“For the Bible tells me so.”
If the “Student Religious Liberties Act” passes, that answer will get you an A+ on an exam. It was thankfully defeated this session, but that is only a temporary reprieve. It’ll be back.
Suppose a science teacher asks, “How old is the earth? Explain your answer.”
Suppose one student answers by quoting G. Brent Dalrymple, a geologist who won the National Medal of Science and wrote “The Age of the Earth.” This student might say, “In the early twentieth century the Earth’s age was unknown. This question was answered after more than half a century of scientific investigation. The age of the Earth can be measured from the relative abundances of radioactive uranium and lead, leading to a calculation that the Earth is 4.55 billion years old.”
That student earns an A+.
Another student might respond by quoting Dr. John Lightfoot, a 17th century Hebrew scholar who published his calculations earth’s age in 1644. Based the Old Testament Lightfoot declared, "heaven and earth were created all together, in the same instant,” and "this work took place and man was created by the Trinity on October 23, 4004 B.C., at nine o'clock in the morning."
Under the proposal this student would also be entitled to an A+ though the answer is based not on any accepted science but a religious belief that “the Bible tells me so.”
If a 1st grader is asked to add 2+2 and says it’s 5, he would deserve an A according to evangelical Pastor Peter LaRuffa, who said, “If somewhere within the Bible I were to find a passage that said 2+2 =5, I wouldn’t question what I’m reading in the Bible, I would believe it, accept it as true and then do my best to work it out and understand it.”
HB77 “protects” religious rights already protected under the Constitution including the right to pray in school. Despite evangelical wailings to the contrary, students have that right even without this bill.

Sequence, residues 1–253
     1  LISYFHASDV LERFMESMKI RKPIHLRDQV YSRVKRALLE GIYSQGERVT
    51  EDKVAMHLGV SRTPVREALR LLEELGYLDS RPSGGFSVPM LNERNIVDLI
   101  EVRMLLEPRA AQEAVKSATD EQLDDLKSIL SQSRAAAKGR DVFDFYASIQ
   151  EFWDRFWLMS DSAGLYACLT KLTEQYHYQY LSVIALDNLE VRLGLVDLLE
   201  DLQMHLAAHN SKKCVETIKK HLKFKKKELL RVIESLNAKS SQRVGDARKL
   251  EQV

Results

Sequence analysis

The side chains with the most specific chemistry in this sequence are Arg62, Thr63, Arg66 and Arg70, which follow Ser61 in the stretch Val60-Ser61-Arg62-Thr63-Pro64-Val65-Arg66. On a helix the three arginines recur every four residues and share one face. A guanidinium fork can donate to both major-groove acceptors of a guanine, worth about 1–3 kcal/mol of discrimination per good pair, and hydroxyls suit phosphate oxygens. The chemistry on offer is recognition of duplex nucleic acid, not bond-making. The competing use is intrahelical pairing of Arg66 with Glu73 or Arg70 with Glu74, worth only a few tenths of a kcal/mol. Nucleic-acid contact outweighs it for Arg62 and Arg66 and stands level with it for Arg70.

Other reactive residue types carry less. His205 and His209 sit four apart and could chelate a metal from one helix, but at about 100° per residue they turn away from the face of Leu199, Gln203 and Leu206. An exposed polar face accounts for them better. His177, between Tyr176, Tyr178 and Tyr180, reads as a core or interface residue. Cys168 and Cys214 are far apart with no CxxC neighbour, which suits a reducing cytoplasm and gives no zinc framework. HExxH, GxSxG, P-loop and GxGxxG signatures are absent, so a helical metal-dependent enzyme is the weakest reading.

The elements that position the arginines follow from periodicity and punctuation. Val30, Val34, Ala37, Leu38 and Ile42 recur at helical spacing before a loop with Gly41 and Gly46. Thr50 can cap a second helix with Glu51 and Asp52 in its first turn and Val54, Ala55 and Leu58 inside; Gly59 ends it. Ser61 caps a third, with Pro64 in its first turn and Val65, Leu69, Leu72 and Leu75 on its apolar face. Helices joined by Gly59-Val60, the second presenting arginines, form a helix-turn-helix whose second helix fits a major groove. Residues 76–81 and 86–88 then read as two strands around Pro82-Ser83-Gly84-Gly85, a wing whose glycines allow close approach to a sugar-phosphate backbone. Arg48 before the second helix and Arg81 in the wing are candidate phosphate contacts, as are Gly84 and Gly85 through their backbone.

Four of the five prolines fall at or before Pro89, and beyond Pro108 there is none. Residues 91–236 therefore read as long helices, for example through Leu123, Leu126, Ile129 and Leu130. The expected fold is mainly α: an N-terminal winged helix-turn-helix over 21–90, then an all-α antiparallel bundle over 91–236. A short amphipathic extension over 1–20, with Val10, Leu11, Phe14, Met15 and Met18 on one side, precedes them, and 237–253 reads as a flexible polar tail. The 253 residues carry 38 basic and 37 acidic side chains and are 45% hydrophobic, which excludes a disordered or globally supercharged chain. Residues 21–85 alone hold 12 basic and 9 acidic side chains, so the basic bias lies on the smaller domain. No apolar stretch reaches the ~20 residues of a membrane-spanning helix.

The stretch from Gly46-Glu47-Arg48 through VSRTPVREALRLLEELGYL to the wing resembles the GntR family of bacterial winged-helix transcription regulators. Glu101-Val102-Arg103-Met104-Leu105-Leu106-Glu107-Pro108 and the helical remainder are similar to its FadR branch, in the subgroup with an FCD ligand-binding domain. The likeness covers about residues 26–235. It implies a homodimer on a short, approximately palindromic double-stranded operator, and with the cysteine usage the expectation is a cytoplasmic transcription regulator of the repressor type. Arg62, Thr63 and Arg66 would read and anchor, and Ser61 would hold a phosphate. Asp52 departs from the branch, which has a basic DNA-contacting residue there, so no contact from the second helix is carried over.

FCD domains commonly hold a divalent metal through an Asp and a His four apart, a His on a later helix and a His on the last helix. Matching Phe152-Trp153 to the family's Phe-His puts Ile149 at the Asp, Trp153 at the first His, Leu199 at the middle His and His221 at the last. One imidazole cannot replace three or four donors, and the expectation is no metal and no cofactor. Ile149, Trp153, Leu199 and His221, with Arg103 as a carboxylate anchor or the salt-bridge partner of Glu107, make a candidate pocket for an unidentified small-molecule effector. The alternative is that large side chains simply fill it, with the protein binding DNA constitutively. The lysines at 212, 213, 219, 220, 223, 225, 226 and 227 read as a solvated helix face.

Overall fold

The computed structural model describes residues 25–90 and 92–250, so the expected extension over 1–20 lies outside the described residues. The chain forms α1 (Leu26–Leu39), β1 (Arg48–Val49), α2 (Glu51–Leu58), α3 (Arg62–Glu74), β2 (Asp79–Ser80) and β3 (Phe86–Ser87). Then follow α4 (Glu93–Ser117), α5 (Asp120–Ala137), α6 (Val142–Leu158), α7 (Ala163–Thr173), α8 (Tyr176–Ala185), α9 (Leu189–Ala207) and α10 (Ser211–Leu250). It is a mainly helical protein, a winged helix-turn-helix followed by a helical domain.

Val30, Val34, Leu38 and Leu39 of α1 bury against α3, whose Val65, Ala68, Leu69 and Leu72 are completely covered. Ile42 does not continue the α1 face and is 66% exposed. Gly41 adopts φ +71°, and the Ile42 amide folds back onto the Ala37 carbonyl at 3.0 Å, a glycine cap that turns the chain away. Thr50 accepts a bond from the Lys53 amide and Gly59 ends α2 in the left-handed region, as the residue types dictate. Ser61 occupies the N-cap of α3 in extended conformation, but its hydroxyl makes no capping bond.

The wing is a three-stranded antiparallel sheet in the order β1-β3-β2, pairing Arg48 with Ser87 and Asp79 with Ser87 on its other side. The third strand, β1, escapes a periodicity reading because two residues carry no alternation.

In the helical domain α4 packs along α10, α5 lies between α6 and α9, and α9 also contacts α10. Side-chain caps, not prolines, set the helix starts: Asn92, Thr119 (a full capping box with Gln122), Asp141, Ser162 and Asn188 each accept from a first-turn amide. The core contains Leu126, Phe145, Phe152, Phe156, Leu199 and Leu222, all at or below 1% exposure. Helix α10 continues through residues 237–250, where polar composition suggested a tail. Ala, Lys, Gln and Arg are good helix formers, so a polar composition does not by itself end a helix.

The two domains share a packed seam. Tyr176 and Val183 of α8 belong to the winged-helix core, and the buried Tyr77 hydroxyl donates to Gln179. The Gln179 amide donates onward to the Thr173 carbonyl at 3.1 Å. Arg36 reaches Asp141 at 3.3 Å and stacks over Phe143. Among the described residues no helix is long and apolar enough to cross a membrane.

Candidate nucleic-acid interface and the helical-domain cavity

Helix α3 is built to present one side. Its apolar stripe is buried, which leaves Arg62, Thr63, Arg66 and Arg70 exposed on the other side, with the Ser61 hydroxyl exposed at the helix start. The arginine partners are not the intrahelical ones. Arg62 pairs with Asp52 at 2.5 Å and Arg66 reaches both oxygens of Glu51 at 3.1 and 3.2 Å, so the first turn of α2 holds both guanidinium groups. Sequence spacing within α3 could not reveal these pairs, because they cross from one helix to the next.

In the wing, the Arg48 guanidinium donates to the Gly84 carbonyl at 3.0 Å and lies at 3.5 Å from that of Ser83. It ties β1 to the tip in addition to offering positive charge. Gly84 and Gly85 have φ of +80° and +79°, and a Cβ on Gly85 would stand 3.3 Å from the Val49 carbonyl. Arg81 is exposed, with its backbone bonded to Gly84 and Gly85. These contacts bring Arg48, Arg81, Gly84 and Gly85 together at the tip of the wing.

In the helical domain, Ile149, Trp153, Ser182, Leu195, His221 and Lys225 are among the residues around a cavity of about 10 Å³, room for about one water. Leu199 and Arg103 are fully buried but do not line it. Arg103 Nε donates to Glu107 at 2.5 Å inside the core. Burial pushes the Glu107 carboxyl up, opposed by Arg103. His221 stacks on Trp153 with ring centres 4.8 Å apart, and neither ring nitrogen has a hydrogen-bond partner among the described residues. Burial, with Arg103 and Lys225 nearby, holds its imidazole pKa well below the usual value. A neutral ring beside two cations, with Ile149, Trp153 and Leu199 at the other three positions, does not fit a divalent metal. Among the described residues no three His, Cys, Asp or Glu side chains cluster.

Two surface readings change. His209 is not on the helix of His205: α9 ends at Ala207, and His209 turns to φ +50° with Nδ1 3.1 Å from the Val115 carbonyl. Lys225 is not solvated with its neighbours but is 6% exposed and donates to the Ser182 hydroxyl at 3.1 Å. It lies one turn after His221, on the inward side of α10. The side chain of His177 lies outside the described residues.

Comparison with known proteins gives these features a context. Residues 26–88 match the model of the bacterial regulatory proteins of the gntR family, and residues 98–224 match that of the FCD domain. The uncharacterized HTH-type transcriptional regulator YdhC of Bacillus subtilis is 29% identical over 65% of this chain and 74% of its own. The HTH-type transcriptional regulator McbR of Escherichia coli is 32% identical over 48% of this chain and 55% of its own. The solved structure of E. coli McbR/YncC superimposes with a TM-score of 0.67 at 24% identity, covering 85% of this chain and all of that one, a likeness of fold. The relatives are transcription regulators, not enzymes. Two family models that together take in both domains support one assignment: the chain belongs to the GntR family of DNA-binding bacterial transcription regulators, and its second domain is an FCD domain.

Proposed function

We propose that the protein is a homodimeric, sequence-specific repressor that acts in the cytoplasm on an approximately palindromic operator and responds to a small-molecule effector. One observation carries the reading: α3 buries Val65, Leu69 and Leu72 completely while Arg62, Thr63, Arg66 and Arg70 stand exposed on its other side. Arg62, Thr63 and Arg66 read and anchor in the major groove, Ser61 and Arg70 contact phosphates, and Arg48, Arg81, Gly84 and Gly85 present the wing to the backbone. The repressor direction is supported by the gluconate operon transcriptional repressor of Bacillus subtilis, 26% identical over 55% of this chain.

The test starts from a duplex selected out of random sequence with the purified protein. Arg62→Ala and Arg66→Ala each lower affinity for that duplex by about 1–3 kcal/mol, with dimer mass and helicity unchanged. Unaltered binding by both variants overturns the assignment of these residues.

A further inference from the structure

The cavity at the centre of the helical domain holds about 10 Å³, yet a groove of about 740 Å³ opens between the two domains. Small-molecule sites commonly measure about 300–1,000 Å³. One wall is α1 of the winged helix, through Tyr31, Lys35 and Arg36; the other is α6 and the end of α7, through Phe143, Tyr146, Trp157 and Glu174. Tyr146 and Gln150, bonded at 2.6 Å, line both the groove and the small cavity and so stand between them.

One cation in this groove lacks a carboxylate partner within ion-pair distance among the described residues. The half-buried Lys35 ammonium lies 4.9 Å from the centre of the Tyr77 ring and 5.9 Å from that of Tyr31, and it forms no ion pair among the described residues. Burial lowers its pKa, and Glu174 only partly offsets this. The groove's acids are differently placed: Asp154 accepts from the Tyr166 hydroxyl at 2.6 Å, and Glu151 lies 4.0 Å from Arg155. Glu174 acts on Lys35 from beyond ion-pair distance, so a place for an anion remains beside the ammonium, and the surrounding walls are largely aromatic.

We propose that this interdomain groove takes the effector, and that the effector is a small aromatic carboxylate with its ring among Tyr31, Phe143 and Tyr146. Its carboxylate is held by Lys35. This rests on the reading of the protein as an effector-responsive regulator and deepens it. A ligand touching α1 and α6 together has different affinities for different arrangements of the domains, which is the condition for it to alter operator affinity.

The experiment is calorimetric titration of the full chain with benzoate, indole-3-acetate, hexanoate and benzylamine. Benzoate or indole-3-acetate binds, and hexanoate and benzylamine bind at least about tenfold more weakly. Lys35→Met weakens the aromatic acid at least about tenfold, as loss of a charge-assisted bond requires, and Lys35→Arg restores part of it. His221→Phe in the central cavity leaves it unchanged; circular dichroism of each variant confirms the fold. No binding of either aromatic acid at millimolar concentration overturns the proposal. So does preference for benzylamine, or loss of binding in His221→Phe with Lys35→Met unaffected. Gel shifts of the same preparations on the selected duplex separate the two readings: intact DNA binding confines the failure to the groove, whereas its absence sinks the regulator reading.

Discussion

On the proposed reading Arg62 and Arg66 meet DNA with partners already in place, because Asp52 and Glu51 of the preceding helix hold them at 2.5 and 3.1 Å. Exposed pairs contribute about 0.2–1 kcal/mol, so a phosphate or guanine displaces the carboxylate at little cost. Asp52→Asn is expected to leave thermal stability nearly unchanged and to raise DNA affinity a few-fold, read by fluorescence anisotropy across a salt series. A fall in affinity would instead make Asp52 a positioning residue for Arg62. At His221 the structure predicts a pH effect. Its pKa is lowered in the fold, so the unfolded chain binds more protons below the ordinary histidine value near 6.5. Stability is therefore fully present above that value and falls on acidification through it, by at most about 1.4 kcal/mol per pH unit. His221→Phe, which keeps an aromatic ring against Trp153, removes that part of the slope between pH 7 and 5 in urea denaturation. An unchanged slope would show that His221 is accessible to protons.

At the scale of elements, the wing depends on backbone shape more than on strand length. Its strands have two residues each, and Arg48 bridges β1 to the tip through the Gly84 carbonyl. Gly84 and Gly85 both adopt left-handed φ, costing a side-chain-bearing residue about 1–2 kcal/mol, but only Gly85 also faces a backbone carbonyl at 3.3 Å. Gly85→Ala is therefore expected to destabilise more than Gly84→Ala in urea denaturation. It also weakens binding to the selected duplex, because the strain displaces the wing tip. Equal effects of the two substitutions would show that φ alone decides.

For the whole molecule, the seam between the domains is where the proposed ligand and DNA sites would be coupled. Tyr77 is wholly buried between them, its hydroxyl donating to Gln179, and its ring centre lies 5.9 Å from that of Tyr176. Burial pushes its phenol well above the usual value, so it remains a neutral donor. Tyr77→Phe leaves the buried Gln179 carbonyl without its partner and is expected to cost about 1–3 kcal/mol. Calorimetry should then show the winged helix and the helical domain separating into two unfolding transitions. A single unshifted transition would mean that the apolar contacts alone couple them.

However, the proposal contains a “Trojan Horse” provision saying, “Students may not be penalized or rewarded on account of the religious content of their work.” Accordingly, if a psychology exam asks students to explain how to treat schizophrenia and a student answers, “with prayer,” that student is entitled to the same grade as one whose answer describes talk therapy and medications.
The proposal is an attempt to put the Bible on the same bookshelf as acceptable academic science and history, making scripture the new “Core Curriculum.” Sponsors attempt to make an end-run around the Constitution, authorizing prayer over the loudspeaker during school days as well as during assemblies, sporting events, and graduations.
This bill isn’t just another bad idea concocted by Wyoming legislators. It’s the terrible idea of the American Family Association. The AFA’s website says its goal is, “to be a champion of Christian activism.” It continues, “If you are alarmed by the increasing ungodliness and depravity assaulting our nation, tired of cursing the darkness, and ready to light a bonfire, please join us. Do it for your children and grandchildren.”
No thanks. I’ll be the one to teach my children and grandchildren about faith. For the Constitution tells me so. Giving that right to schools is the sort of big government idea these folks usually disdain.
The AFA position paper on the “model law” opines nostalgically, “Once upon a time in America, the school day opened with prayer. Public school curricula often included the Bible. Football games and graduation ceremonies started with prayer, often led by a teacher or coach or pastor invited from the community.”
Place bets on whether Muslim prayers are as welcomed at the opening of each school day, at football games, or graduation ceremonies as evangelical Christian forms of prayer.
The bill’s supporters should explain their wont to turn public schools into forums for teaching religious values. Apparently their churches failed to do so. Schools can provide them with a captive audience not available to them on Sundays.